The European Union no longer exists, at least not as we know it. And the question is not what will be the form of the new Union, but rather why this Europe, which was the focus of so many of our dreams no longer exists. The answer is simple: today, all of the pillars that served to build and justify the existence of the European Union have collapsed.

Chief among these was the memory of the Second World War. A survey of German secondary school students in the 14-16 age bracket, which was published a little over a year ago, showed that a third of these young people did not know who Hitler was, and 40 per cent were convinced that human rights had been respected to an equal degree by every German government since 1933. This in no way implies that there is a nostalgia for fascism in Germany. No, it simply means that we now have to contend with a generation that has nothing to do with this history. Today the conviction that the EU continues to derive legitimacy from its roots in the war is in an illusion. Continue reading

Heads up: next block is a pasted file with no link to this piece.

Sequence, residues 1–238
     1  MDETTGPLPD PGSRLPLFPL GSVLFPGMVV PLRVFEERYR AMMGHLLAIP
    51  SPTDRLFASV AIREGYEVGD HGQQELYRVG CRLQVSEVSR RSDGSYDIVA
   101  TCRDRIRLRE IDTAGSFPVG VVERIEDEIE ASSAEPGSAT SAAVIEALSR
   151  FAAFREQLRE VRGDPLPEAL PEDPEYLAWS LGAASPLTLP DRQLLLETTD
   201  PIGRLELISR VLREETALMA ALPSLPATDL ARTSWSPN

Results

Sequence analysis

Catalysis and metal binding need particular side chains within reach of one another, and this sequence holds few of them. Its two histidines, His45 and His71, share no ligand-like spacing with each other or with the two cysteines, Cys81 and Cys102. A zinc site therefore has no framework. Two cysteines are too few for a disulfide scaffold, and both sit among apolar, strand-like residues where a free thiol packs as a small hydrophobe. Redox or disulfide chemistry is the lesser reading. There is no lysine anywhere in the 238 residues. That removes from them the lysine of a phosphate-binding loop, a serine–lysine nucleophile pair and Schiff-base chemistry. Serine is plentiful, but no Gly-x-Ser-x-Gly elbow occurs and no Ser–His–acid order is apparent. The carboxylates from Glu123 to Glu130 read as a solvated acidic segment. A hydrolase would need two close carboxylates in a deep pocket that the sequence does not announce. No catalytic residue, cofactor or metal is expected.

China Preparing To Impose Bretton Woods II Gold Standard

With continued volatility in the gold and silver markets, today acclaimed money manager Stephen Leeb told King World News the Chinese accumulated a remarkable 1,500 tons of gold last year, and they are preparing to demand a second Bretton Woods type meeting.  This is a stunning interview because it lays out how the bulls will win the gold war, and how China will force that victory.  Here is what Leeb had to say in this exclusive interview, which is his most powerful ever:  “The flow of power and gold is going from West to East.  China may have accumulated a staggering 1,500 tons of gold last year alone.  China’s growth is now picking up steam as well.  What is really stunning is how much the yuan has increased in terms of international transactions.” Continue reading

‘Tsunami bomb’ tested off New Zealand coast

The tests were carried out in waters around New Caledonia and Auckland during the Second World War and showed that the weapon was feasible and a series of 10 large offshore blasts could potentially create a 33-foot tsunami capable of inundating a small city. Continue reading